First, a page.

Cervical Cancer: A Rising Threat to Women’s Life
January 18th, 2021 is the Cervical Health Awareness day in the United State, and Cervical Cancer Preventive Week is 18th – 24th in the United Kingdom.
According to the National Cervical Cancer Coalition, America- Each year, more than 13,000 women are diagnosed with cervical cancer in the United States. Yet cervical cancer is one of the most preventable cancers today.
In most cases cervical cancer can be prevented through early detection and treatment of abnormal cell changes that occur in the cervix years before cervical cancer develops.
Cervical cancer tends to occur during midlife. It is most frequently diagnosed in women between the ages of 35 and 44. It rarely affects women under age 20, and more than 15 percent of diagnoses are made in women older than 65. But in women over 65, cancer typical occurs in women who were not receiving regular screening.
After age 65, women older than 65 who have had adequate prior screening and are not otherwise at high risk can stop screening.
Adam Felman writes- Cervical cancer affects the entrance to the womb. The cervix is the narrow part of the lower uterus, often referred to as the neck of the womb.
Symptoms and early signs:
In the early stages of cervical cancer, a person may experience no symptoms at all.
As a result, women should have regular cervical smear tests, or Pap tests.
A Pap test is preventive. It aims not to detect cancer but to reveal any cell changes that indicate the possible development of cancer so that a person can take early action to treat it.
The most common symptoms of cervical cancer are:
- Bleeding between periods
- Bleeding after sexual intercourse
- Bleeding in post-menopausal women
- Discomfort during sexual intercourse
- Vaginal discharge with a strong odor
- Vaginal discharge tinged with blood
- Pelvic pain
These symptoms can have other causes, including infection.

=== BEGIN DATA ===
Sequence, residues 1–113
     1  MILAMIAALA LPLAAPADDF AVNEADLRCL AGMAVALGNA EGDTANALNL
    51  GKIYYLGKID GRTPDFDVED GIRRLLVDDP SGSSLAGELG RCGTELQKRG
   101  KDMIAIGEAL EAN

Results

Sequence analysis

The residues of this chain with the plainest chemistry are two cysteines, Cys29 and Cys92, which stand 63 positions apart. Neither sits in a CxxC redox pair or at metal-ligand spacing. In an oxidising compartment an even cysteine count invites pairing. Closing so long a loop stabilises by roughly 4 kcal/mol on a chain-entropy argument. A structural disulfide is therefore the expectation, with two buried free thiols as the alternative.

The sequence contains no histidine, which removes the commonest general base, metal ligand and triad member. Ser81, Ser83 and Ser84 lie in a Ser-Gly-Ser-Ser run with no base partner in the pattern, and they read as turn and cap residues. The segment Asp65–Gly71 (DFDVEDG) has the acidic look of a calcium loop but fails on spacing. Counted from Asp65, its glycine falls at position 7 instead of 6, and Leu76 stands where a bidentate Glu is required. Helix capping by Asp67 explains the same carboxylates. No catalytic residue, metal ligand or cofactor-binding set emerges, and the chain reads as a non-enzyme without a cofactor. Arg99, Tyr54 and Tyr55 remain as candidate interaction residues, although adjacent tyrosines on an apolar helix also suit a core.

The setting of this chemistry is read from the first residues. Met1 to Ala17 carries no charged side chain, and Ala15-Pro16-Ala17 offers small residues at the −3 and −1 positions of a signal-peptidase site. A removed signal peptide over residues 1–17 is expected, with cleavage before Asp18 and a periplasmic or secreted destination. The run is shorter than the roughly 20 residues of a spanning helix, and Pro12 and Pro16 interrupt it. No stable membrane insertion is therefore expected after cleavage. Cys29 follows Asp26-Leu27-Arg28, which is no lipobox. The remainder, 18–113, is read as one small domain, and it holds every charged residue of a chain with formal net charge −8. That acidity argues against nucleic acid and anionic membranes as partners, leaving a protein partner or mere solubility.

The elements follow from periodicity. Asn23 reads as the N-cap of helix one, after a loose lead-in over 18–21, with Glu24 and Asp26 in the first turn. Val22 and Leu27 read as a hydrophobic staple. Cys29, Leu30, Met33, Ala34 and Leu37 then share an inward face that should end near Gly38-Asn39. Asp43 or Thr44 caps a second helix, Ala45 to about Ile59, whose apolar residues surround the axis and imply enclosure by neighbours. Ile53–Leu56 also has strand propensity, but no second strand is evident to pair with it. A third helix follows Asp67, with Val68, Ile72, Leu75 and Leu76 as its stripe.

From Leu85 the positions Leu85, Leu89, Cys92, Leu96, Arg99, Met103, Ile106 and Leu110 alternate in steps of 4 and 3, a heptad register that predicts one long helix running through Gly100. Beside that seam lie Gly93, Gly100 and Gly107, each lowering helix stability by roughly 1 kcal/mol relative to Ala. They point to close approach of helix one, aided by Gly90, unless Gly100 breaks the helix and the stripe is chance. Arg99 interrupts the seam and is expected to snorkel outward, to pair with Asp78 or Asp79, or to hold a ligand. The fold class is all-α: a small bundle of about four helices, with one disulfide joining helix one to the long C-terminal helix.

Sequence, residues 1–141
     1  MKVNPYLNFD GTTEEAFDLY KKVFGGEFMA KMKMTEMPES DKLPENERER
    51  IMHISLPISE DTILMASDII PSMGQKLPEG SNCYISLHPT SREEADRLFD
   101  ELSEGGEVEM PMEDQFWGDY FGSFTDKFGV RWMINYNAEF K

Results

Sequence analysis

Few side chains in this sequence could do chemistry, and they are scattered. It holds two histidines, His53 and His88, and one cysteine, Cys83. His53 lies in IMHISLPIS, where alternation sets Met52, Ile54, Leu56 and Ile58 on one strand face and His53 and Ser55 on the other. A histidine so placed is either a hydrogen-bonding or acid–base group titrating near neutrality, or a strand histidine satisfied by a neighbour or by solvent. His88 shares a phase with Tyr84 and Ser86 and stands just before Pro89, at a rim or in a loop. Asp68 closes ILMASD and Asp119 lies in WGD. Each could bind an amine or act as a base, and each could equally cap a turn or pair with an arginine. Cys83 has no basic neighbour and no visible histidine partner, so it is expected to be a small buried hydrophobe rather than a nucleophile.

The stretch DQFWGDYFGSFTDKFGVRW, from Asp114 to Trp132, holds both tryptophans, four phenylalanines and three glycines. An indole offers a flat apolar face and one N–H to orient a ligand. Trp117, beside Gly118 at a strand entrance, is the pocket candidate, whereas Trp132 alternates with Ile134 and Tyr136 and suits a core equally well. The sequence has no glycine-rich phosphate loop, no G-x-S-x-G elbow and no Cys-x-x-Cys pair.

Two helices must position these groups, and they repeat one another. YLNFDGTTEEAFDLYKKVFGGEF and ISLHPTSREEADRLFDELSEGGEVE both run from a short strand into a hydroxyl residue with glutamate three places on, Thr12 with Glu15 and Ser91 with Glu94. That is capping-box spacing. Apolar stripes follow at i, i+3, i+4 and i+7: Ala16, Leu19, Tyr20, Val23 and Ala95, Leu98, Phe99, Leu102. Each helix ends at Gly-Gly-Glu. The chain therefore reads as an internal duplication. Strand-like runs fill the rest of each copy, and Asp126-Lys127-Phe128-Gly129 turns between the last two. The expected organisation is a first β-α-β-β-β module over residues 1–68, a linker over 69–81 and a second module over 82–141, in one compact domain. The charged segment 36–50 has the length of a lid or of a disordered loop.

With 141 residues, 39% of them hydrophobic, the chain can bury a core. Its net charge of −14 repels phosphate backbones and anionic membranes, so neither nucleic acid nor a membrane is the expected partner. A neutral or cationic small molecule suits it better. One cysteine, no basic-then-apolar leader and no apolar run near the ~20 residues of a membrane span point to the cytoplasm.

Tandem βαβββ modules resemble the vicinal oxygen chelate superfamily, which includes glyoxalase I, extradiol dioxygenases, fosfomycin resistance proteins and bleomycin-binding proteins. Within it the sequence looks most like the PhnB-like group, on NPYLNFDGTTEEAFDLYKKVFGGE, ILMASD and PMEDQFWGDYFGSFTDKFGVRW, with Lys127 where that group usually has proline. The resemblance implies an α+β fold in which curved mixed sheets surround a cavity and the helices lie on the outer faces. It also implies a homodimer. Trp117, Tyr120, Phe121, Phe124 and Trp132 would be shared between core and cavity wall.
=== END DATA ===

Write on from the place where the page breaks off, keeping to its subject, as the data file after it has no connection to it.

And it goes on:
Cancer is the result of the uncontrolled division and growth of abnormal cells. Most of the cells in our body have a set lifespan, and, when they die, the body generates new cells to replace them.
Abnormal cells can have two problems:
▪️They do not die.
▪️They continue dividing.
This results in an excessive buildup of cells, which eventually forms a lump, or tumor.
However, some risk factors might increase the risk of developing cervical cancer. These include:
▪️HPV: This is a sexually transmitted virus. More than 100 different types of HPV can occur, at least 13 of which may cause cervical cancer.
▪️Having many sexual partners or becoming sexually active early: The transmission of cancer-causing HPV types nearly always occur as a result of sexual contact with an individual who has HPV.
Women who have had many sexual partners generally have a higher risk of HPV infection. This increases their risk of developing cervical cancer.
▪️Smoking: This increases the risk of cervical cancer, as well as other types.
▪️A weakened immune system: The risk of cervical cancer is higher in those with HIV or AIDS, and people who have undergone a transplant, leading to the use of immuno-suppressive medications.
▪️Birth control pills: Long-term use of some common contraceptive pills slightly raises a woman’s risk.
Other sexually transmitted diseases (STD): Chlamydia, gonorrhea, and syphilis increase the risk of developing cervical cancer.
▪️Socio-economic status: Rates appear to be higher in areas where income are low.
A number of measures can help reduce the chances of developing cervical cancer.
▪️Human papillomavirus (HPV) vaccine.
The link between the development of cervical cancer and some types of HPV is clear. If every female keeps to the current HPV vaccination programs, they could reduce the frequency of cervical cancer.
▪️Safe sex. Using a condom during sex helps protect from HPV infection.
Regular cervical screening might help a person identify and deal with signs of cancer before the condition can develop or spread too far. Screening does not detect cancer but indicates changes to the cells of the cervix.
▪️Having fewer sexual partners. The more sexual partners a woman has, the higher the risk of transmitting the HPV virus becomes. This can lead to a higher risk of developing cervical cancer.
▪️Delaying first sexual intercourse. The younger a woman is when she has sexual intercourse for the first time, the higher the risk of HPV infection becomes. The longer she delays it, the lower her risk.
▪️Stopping smoking. Women who smoke and have HPV face a higher risk of developing cervical cancer than people who do not.
Cervical cancer treatment options include surgery, radiotherapy, chemotherapy, or combinations of these.
Deciding on the kind of treatment depends on several factors, such as the stage of the cancer, as well as age and overall state of health.
Treatment for early-stage cervical cancer, when the cancer remains within the cervix, has a good success rate. The further a cancer spreads from its original area, the lower the success rate tends to be.
Take preventive measure today!